"Gerrymanders - The Funniest Game Ever Invented" Globe Series c. 1900
Gerrymanders is a novel and amusing antique card game, combining a little dark humour, the surreal and (optionally) lots of noise. Produced to a high standard by Globe, designed in London, made in Bavaria.
Gerrymanders, Globe Series of Games - Box Front
From the rules card:
Some animals escaped from the Zoo. In their wanderings they strolled into a sausage factory; and as a consequence of their inordinate curiosity, got chopped up in a mincing machine. The result was disastrous.
When the various pieces were sorted out by the startled sausage makers, the combinations were grotesque, all the animals were mixed up in hopeless confusion (this is where the laugh comes in) just for all the world, (as the factory proprietor said) as if they were GERRYMANDERS instead of self respecting animals.
Perhaps the players of the game will be able to arrive at a better result, but if not it will not matter, as one part of the game is as good as another, and the finish is all the more comical.
All the various parts of the animals after the sausage factory incident, a reconstruction.
Two of the hopelessly confused animals, or Gerrymanders, that the sausage makers managed to create from the various animal pieces.
All the animals restored to the self-respecting state they were in, before they left the zoo.
For a larger view of each animal, click your favourite below.
The ostrich, monkey, giraffe, crocodile, horse and camel, all "correctly" assembled.
How to play the Game - Paraphrased from the original rules
The game may be played by any number of players.
Each card has one or more numbers on its sides, cards are placed together so that these numbers correspond, like dominoes. The aim is to complete animals, known or novel.
Cards are shuffled and dealt until none remain.
The first player to the dealer's left who is able to play a "head" card with a No. 1 in a circle ①, begins by laying that card face up in the centre of the table.
The next player follows by playing a "neck" card, with a No. 2 or No 3 on it, as suits the "head". The play continues with each player in turn adding to the creature with appropriately numbered cards. If a player cannot add a suitable card they miss a turn.
When an animal is completed, the player laying the final card says "GERRYMANDER" and takes the animal (or trick).
Play continues with the next player laying down a No.1 card and the players build and complete it as before.
When all possible animals have been completed the scores are calculated. For each completed animal (or trick) 5 points are scored. For each card left in a player's hand 1 point is deducted. The game is completed when 15 points are scored by an individual player, or if playing as partners 30 points.
Another way of playing the game - Original wording from the rules
Recommended to all enemies of quietness.
Start as before. Should a player not possess the necessary card, he calls "GERRY" (pronounced "Jerry") the first one of the players who calls "MANDER", has the privilege of playing; and so the game proceeds in turn.
When an animal is completed, the first player who calls "GERRYMANDER" takes the trick. Should a player call "MANDER" when he has not got the necessary card, he is fined two points, otherwise the scoring is the same as in the first rules. This way of playing is guaranteed as an antidote to sleepiness.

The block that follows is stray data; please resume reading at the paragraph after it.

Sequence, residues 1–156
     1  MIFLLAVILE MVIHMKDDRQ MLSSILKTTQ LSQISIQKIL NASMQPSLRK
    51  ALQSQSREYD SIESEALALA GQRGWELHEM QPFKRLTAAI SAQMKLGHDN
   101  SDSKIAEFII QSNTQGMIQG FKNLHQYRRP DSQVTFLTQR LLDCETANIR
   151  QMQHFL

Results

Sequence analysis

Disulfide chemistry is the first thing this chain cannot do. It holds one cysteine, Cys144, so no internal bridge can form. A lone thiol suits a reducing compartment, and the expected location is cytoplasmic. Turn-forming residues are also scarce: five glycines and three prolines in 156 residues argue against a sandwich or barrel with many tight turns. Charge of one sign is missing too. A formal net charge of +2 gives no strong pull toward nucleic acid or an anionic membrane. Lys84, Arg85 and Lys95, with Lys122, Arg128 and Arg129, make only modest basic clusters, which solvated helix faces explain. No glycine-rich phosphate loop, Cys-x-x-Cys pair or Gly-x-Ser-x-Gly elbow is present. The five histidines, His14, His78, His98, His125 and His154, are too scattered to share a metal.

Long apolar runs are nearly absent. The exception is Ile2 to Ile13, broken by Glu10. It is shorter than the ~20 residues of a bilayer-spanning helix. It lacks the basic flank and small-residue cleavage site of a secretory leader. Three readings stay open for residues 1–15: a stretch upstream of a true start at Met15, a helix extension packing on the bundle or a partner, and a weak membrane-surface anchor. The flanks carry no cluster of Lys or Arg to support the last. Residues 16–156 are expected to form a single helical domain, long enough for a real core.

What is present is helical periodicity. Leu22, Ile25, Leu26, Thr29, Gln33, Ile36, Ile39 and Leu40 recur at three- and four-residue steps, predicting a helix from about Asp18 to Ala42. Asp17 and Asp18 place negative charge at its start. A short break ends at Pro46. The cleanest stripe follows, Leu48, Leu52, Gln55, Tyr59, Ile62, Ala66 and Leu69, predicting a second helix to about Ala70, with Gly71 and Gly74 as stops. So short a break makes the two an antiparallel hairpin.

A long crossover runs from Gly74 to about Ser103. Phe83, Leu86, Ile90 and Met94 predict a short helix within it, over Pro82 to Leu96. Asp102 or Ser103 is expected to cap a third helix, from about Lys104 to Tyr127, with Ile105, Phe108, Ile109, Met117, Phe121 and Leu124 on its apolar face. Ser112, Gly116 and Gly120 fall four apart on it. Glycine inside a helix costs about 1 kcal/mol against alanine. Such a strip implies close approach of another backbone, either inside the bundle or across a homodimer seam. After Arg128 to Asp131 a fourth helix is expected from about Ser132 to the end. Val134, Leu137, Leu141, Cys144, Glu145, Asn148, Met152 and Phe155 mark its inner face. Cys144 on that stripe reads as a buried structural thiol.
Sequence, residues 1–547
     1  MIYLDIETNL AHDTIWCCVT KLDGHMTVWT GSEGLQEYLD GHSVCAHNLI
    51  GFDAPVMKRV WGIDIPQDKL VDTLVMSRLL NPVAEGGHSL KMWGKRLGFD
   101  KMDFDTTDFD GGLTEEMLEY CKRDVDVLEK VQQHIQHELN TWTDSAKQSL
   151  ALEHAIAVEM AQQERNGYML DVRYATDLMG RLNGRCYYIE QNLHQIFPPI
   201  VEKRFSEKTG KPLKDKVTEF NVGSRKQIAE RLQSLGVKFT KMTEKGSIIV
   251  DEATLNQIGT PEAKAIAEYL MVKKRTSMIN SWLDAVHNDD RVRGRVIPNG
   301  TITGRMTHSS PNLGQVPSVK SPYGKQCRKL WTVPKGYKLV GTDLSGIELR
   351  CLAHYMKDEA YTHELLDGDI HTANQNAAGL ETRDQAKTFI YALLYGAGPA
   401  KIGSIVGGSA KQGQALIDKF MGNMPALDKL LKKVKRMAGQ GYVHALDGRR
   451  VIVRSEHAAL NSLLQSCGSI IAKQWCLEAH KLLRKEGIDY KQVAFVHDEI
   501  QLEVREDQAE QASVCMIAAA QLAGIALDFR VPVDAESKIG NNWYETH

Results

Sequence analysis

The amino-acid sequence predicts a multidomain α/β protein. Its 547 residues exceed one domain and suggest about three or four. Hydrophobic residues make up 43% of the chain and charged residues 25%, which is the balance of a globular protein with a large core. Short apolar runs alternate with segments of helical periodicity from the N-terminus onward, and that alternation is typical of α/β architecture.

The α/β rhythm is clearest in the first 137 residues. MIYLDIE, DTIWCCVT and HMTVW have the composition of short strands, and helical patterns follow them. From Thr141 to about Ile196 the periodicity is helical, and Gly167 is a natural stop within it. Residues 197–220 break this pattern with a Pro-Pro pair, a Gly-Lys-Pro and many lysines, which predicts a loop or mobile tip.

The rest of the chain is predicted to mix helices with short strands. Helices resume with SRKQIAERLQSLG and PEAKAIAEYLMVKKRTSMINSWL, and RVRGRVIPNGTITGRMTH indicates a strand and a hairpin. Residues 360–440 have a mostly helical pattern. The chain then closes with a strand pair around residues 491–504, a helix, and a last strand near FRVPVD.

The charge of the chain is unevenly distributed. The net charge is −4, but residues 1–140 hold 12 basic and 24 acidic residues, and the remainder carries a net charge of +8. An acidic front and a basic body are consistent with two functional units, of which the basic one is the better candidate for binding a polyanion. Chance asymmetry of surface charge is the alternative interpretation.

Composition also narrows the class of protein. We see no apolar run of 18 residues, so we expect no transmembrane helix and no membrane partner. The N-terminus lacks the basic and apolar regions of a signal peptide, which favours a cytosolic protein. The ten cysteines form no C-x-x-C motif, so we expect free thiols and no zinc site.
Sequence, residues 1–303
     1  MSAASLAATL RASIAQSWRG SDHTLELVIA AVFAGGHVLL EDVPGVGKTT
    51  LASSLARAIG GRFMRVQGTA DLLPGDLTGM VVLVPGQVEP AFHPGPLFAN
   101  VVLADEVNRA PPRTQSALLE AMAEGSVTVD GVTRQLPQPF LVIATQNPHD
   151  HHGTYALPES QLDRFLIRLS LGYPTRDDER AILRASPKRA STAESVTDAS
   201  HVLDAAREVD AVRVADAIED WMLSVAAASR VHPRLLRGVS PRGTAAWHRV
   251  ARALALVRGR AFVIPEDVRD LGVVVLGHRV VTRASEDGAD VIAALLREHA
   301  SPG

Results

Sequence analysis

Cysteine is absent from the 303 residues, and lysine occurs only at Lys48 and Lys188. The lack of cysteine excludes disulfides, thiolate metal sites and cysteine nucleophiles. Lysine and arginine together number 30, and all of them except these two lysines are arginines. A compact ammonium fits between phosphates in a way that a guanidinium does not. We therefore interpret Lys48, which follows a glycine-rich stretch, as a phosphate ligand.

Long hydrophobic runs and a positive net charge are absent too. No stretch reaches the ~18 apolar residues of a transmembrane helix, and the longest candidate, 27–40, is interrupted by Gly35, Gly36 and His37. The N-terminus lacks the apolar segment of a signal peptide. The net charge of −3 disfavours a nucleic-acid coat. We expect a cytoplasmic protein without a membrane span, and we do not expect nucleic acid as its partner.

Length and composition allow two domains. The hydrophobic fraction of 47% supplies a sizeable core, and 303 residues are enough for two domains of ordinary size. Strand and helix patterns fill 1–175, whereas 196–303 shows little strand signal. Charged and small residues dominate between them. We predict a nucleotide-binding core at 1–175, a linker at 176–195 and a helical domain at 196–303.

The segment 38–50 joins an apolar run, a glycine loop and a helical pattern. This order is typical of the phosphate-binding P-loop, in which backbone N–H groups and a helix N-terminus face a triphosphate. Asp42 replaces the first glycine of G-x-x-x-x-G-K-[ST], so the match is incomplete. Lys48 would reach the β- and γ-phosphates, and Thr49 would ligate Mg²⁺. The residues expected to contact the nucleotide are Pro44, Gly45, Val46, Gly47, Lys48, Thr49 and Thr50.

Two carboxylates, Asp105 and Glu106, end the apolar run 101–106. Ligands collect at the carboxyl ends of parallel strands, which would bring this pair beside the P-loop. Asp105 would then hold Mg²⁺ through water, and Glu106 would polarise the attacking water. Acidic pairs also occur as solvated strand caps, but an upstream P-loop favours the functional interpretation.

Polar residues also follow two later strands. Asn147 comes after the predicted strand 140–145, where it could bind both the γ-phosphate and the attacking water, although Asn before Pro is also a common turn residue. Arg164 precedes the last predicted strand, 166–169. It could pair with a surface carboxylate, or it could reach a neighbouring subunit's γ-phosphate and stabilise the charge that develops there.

Gerrymanders was "Designed in London - Made in Bavaria" and published by Globe Series in around 1900. Many of their card games were sold in these attractive wooden boxes.
It is a simple game but very well presented. I enjoy the humour, the macabre pre-amble and the anticipation of cacophony in the alternative rules.
Putting each animal together in a familiar form may provide a little satisfaction. Placing them together in the most unlikely and extraordinary ways is surely far more pleasurable and all the more so, if the newly created beasts are the product of communal effort and chance.
A note on the name of the game.
Gerrymander entered the English language via the Boston Globe on 26th March 1812. Governor Eldbridge Gerry had signed a bill allowing for electoral districts to be redrawn in Massachusetts, the effect of which was widely regarded as clearly unfair. The Boston Globe published this cartoon depicting the peculiar shape of one district as a salamander and calling it a Gerry-mander after the Governor.
Ever since, the word has been used to describe similar unfair practices designed to gain advantage in elections. By 1848 gerrymander and gerrymandering were in the Oxford English Dictionary and in popular use in the UK. At the end of the 19th Century, and early in the 20th, the word was used particularly frequently in the UK press as it reported on numerous disputes about electoral boundaries.
The salamander, which lent its second half to the portmanteau gerrymander, had long been a fabled and mystical beast that appeared in Medieval European bestiaries in various forms, as a winged dog, or a worm with a human head, before its fire defying abilities became its principal claim to bestial fame.
An amusing sounding word, much in use, at least by adults, with a lineage incorporating two ideas of unnaturally constructed and fantastical creations, a word curious enough to appeal to the young, with a resonance that might bring a smile to the adult purchasers. Whoever hit upon the name"Gerrymanders" must have felt they had pinned the tail on the donkey.